How could that not make any sense? I think you just don't want it to make sense.

    Superman, Clark, Kal-El ... Whatever you want to call him, he's the same guy.

    And Paul Levitz said this in a documentary and I very much side with it:

    Clark sees the world as a place that can be made better, as opposed to Bruce who believes that the world is s**t and it's about surviving it rather than improving it, since improving it is close to impossible.

    Since Batman's ideology is more realistic (even in reality), this makes Superman look quite foolish and by extension very vulnerable IMO.

    Now I'm not saying that Superman isn't noble for feeling this way...but given the actions of humanity, it's rather naive...and that naivety usually leads Supes into trouble more often then not.

    "Dueling Lovers" ??? No.
    "Reluctant yet Understanding Allies" ??? Yes.

    What's annoying about that? And even more so, what's pretentious about it? I mean if you know what 'pretentious' means, then how do you figure Loeb's take on Cla...I mean Superman...and Batman's relationship is such a thing?

    In Frank's take, yeah...isn't that what we're talking about?

    I have a feeling that had he been born dirt poor and his parents were still taken from him by a mindless act of voilence, it wouldn't change Bruce's desire to avenge them and make the choice to preserve justice.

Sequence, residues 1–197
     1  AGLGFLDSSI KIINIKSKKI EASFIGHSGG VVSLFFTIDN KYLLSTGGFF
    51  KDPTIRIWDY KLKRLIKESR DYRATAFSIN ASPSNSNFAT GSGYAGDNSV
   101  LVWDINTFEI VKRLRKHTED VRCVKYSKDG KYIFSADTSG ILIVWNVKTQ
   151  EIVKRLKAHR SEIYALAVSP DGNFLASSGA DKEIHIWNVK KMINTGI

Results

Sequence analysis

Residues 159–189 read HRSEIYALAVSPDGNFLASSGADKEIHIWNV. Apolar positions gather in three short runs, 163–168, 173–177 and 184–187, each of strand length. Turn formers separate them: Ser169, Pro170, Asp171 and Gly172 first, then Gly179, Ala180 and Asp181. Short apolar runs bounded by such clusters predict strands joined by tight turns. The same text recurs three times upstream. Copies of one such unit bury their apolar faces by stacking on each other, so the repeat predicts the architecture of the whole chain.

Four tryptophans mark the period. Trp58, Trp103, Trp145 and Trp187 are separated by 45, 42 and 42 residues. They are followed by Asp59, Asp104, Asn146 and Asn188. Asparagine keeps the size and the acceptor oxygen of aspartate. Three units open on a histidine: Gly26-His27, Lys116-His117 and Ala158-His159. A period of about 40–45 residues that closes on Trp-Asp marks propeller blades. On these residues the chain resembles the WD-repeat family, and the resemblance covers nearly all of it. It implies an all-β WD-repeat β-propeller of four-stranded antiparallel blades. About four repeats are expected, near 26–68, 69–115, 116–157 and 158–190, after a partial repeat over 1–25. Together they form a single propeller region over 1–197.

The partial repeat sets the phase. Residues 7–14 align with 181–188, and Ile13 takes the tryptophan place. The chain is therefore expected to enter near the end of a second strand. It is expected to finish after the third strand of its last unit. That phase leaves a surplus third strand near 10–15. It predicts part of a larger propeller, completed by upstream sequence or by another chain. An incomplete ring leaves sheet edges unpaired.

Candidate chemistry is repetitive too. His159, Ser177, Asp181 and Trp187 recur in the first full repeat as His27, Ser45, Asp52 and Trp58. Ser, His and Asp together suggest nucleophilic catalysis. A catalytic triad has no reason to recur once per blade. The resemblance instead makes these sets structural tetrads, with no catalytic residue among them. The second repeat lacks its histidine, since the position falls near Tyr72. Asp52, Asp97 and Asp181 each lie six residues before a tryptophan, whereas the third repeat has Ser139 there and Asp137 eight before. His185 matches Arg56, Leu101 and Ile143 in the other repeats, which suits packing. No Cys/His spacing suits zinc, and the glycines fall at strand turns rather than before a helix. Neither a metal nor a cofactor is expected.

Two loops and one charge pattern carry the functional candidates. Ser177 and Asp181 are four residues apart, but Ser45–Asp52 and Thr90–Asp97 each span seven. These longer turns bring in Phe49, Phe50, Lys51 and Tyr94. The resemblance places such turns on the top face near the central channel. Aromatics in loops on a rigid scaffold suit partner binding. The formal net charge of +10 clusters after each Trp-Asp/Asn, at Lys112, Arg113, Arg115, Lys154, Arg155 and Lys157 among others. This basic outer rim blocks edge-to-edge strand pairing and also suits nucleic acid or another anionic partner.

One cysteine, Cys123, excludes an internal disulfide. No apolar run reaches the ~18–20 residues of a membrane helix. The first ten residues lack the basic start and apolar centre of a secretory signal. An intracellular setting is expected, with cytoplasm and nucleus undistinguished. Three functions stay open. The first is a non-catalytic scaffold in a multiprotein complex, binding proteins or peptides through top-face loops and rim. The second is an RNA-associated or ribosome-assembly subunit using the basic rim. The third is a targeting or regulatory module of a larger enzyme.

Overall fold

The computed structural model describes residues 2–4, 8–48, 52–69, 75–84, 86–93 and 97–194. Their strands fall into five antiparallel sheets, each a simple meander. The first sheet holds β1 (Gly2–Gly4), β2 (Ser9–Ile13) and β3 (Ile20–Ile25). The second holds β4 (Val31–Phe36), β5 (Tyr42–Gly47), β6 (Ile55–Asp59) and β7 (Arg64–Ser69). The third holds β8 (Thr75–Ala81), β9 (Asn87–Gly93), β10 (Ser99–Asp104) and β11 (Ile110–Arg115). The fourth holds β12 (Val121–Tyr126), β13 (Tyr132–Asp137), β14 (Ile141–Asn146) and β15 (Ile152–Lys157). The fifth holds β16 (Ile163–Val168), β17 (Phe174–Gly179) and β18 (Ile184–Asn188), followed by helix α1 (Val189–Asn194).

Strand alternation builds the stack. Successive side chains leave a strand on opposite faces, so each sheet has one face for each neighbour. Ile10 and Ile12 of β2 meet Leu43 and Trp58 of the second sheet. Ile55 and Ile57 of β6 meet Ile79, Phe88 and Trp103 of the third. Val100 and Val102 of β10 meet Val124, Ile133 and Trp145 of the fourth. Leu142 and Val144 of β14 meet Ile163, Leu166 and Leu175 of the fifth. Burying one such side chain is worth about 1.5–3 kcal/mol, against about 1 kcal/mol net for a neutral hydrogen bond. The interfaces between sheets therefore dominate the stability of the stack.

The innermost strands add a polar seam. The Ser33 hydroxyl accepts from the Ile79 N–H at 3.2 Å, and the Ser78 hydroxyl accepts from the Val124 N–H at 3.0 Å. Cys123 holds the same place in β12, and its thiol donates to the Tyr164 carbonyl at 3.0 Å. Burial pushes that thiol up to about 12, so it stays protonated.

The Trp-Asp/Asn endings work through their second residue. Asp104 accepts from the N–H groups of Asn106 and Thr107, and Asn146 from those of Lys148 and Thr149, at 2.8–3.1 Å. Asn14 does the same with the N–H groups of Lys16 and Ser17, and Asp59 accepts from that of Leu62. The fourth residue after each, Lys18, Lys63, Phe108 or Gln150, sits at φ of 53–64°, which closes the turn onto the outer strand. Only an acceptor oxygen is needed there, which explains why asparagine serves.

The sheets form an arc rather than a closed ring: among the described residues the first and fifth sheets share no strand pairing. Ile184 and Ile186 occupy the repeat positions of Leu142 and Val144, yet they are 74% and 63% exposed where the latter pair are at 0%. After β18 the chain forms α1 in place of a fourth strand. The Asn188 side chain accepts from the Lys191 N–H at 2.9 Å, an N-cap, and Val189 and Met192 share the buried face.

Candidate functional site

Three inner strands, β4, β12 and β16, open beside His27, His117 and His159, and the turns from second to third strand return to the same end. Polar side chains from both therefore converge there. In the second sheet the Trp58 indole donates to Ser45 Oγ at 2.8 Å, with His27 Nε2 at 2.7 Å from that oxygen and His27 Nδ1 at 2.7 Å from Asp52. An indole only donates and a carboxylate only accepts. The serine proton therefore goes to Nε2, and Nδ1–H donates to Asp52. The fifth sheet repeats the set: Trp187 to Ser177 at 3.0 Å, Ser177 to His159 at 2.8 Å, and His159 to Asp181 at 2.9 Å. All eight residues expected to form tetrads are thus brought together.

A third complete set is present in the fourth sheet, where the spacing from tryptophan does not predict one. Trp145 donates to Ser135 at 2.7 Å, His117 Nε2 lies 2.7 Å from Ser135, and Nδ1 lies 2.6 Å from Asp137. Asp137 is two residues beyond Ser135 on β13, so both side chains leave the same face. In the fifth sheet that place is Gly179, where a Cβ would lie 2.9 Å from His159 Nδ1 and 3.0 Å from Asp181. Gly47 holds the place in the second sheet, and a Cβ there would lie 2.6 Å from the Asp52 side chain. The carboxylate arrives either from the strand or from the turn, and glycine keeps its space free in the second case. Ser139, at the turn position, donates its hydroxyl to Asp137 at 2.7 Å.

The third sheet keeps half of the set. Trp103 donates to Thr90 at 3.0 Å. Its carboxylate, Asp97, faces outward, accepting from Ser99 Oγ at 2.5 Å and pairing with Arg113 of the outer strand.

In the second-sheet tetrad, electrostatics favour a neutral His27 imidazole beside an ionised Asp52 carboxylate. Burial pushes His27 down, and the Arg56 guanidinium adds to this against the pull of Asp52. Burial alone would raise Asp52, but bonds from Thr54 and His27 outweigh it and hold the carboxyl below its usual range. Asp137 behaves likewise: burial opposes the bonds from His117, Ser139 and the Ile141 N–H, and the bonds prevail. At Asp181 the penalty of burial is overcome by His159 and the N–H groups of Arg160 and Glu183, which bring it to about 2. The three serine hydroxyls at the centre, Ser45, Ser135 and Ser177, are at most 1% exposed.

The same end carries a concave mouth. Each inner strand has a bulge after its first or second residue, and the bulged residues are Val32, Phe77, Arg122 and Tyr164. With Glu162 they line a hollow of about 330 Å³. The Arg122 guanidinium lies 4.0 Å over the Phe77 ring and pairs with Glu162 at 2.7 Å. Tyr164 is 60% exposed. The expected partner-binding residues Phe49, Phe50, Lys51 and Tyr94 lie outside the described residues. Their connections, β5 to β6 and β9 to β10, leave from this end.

He still would've become a vigilante crime fighter.

    His wealth is nothing more than a tool and an advantage to his crusade. With wealth, he still becomes a vigilante crime fighter...but he's able to acquire the technology and safety gear in order to keep himself alive and do his job well.

    As for being spoiled, I don't think so.

    I seem to recall (not sure where) of a short flashback story:

    Instead of doing so with an abundance of gifts and a lavish dinner, Thomas and Martha decided to celebrate Christmas by taking Bruce to work in a Soup Kitchen...teaching him the values of helping those who couldn't help themselves.

    Even in "Batman Begins" it's clear that the Waynes don't spoil their son. Same goes for pretty much all other Batman material.

    ---

    CFE
     
    #33
  9. Andy C.

    Andy C. Repent, Harlequin!

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    Well, even if he wasn't really pampered or coddled, you've gotta admit that Bruce started out with a lot more advantages than the average guy would get, and that was more of what I meant.
     
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  10. markstrange

    markstrange Well-Known Member

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    Supermans humble background amounts to nothing when you factor in his power, its just too much for one guy to have. Money is meaningless. Superman had to suffer no hardships growing up. he could do the farm work of hundreds thousands maybe
     
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  11. CFE

    CFE This is a job for...

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    Yeah I understand, and you have a point :yay:

    CFE
     
    #36
  12. The Batkilt

    The Batkilt Well-Known Member

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    Even though I like some of his work, I wouldn't spend too much time thinking about why Frank Miller hates anything. He seems like a self-expressive artist and most of his work contains dark images and themes, women as prostitues and so on. I'd hazard a guess that Superman just doesn't appeal to him, and he chooses to express that he thinks Batman is better through those interactions in his stories.